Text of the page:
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In my vast experience in beekeeping (6 weeks ;) I was under the impression that, depending on the local, a standard langstroth hive with a screened bottom and an open "notch" in the inner cover will provide OK ventilation for all but the hottest of summer months (and I live in SE MO). If ventilation is a concern during the hot months, I could just slightly prop open the outer cover with a stick. I seem to have read that ventilation is maybe more critical in the winter, due to condensation. If ventilation is already an issue in Cincy this time of year, should I be concerned as well?

Apologies for the slight thread creep.

Sam
 

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Discussion Starter · #11 ·
In my vast experience in beekeeping (6 weeks ;) I was under the impression that, depending on the local, a standard langstroth hive with a screened bottom and an open "notch" in the inner cover will provide OK ventilation for all but the hottest of summer months (and I live in SE MO). If ventilation is a concern during the hot months, I could just slightly prop open the outer cover with a stick. I seem to have read that ventilation is maybe more critical in the winter, due to condensation. If ventilation is already an issue in Cincy this time of year, should I be concerned as well?

Apologies for the slight thread creep.

Sam
Don't apologize. No, ventilation isn't an "issue" yet heree. I just see the logic in giving them an upper vent system of some sort. The roof on every home should have one. I'm just trying to figure out a good method.

I think that I'm going to build a 3/4"-1" rim as was mentioned earlier placed on my brood box(encapsulating the bag) with the inner cover over that. I'm gooing to screen off the opening in the inner cover and then place my screened ventilation box sandwiched between that and the outer cover.

I think by doing that, I can minimize the space above the frames and syrup bag while keeping plenty of airflow up top while keeping the bees out of the "attic"
 

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I like the idea, and I see the logic (less wing fanning to cool the hive equals more work someplace more profitable).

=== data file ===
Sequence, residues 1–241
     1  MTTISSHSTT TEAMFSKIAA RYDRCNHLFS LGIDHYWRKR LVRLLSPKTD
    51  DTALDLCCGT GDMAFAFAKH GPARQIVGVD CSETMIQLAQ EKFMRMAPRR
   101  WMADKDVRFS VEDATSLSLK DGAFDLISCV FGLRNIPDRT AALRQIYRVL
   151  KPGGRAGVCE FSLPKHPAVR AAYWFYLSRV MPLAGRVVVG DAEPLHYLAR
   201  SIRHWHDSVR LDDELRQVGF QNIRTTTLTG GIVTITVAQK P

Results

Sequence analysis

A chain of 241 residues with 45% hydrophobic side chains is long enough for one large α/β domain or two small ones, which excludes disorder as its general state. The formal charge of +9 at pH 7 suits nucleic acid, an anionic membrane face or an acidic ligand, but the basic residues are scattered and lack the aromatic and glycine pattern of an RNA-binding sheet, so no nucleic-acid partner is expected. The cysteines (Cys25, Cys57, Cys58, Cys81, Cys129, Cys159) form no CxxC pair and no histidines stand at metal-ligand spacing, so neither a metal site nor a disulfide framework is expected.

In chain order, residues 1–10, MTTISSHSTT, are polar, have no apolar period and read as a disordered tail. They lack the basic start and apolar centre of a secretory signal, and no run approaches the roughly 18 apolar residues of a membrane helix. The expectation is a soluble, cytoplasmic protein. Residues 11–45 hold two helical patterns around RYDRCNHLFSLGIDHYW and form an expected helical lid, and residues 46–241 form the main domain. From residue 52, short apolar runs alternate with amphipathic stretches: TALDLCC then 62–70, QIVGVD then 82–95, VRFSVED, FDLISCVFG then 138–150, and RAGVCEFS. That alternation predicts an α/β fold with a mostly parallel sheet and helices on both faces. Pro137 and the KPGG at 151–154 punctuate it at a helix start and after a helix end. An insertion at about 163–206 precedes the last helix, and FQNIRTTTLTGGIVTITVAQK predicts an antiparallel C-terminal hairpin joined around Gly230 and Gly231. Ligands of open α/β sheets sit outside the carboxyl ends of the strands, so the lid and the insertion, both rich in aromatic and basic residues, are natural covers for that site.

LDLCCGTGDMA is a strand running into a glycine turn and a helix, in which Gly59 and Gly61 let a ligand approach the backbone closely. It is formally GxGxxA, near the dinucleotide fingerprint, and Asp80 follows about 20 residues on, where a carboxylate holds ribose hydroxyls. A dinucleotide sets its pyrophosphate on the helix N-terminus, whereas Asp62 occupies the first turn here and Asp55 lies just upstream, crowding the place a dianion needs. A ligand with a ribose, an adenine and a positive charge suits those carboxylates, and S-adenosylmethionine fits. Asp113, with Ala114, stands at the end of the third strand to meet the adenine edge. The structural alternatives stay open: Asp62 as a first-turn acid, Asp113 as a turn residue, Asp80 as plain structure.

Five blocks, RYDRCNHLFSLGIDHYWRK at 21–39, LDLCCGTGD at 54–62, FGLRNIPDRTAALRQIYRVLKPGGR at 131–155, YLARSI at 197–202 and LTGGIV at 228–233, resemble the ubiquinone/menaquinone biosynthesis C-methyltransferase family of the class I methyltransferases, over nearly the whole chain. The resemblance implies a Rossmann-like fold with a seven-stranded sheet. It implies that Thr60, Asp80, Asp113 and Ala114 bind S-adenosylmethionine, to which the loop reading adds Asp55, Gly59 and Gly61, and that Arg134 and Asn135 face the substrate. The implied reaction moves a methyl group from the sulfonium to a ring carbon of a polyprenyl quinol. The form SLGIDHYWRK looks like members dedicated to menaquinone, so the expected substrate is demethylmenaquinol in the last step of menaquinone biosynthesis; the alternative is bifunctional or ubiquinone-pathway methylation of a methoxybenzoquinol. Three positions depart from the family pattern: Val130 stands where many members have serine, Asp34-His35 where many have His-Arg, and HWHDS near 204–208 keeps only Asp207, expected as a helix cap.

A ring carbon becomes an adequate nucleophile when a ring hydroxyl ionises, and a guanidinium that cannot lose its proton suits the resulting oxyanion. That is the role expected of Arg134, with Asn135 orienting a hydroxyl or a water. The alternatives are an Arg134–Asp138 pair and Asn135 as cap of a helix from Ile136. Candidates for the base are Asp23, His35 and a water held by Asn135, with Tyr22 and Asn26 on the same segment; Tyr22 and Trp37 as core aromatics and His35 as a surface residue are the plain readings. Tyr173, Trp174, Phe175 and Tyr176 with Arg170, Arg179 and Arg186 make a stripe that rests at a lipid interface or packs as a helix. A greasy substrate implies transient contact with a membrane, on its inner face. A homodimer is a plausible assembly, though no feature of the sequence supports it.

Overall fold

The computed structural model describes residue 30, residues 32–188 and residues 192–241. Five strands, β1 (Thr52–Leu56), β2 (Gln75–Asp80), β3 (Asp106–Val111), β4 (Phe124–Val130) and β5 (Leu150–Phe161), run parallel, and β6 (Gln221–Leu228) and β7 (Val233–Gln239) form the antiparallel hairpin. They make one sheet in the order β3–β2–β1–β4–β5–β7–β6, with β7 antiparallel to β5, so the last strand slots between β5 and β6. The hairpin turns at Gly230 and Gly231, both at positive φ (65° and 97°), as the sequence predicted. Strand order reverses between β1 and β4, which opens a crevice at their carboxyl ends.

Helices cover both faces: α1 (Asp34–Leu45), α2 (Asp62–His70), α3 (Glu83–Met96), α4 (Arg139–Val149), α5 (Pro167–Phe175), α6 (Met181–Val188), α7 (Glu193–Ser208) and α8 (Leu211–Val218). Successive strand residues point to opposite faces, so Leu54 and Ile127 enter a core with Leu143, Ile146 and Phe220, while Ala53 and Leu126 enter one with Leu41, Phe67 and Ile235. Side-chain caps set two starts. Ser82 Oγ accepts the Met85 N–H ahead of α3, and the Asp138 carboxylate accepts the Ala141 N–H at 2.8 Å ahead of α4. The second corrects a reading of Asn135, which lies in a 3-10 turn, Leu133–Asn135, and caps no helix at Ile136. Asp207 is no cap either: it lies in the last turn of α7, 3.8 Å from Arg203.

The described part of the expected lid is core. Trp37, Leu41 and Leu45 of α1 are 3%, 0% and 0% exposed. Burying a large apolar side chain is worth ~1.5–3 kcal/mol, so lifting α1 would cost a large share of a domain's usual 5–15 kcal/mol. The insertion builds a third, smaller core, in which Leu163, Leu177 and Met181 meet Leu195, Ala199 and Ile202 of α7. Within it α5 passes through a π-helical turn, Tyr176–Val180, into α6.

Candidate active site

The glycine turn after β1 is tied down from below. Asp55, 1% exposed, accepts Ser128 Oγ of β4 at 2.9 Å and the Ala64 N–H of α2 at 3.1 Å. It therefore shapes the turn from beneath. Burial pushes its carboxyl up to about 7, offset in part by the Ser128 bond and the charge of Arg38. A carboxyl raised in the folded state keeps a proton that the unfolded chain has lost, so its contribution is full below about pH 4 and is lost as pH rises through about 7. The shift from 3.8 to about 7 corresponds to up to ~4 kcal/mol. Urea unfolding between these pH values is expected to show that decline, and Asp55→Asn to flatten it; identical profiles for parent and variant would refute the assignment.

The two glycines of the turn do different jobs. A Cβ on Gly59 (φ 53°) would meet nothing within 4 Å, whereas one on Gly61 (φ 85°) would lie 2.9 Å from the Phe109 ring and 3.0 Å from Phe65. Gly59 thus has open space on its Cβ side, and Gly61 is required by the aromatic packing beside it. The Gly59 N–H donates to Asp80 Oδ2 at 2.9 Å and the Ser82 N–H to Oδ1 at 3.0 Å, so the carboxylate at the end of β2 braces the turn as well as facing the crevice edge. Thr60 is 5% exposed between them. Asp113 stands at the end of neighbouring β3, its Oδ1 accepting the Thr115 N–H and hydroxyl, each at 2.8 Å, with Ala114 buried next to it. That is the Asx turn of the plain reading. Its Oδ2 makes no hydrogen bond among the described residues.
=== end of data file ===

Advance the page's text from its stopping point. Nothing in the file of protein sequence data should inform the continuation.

I have been using baggies as well, and so far they seem the easiest to use. I do have one plastic hive top feeder that seemed like a Godsend until I had to remove a half-full one to do an inspection. I have since stapled the feeder's flange to a mountian feeder rim to keep it stabilized and easier to handle. . .well see if that helps.

I like the idea of screening off the inner lid hole. I don't think I'll use a bee escape, so I don't see any disadvantage of doing this, and a lot of advantages based on Throttlebender's concept.
 

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I made my rim out of 1x4 and drilled a hole on both sides and one hole on each end at an angle (weather purposes) and then cut square pieces of #8 mesh to patch the hole. Great ventilation and no robbing from the top! Just another idea!!
 

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Discussion Starter · #15 ·
I made my rim out of 1x4 and drilled a hole on both sides and one hole on each end at an angle (weather purposes) and then cut square pieces of #8 mesh to patch the hole. Great ventilation and no robbing from the top! Just another idea!!
That's what the ventilation box that I have on currently is like only it's 2.5" tall and has two screen covered holes on each side.

The problem I'm having is that it's too tall and allows for quite a bit of comb to be built in that space if I allow it.

So, I'm going to make a shorter one that is solid and then move the screened one above the inner cover(also screening the oval opening) to create a vented attic of sorts.

AND, I just realized that I don't have to track down any #8 hardware cloth because I can take it from the bee packages I just realized are still in the garage:D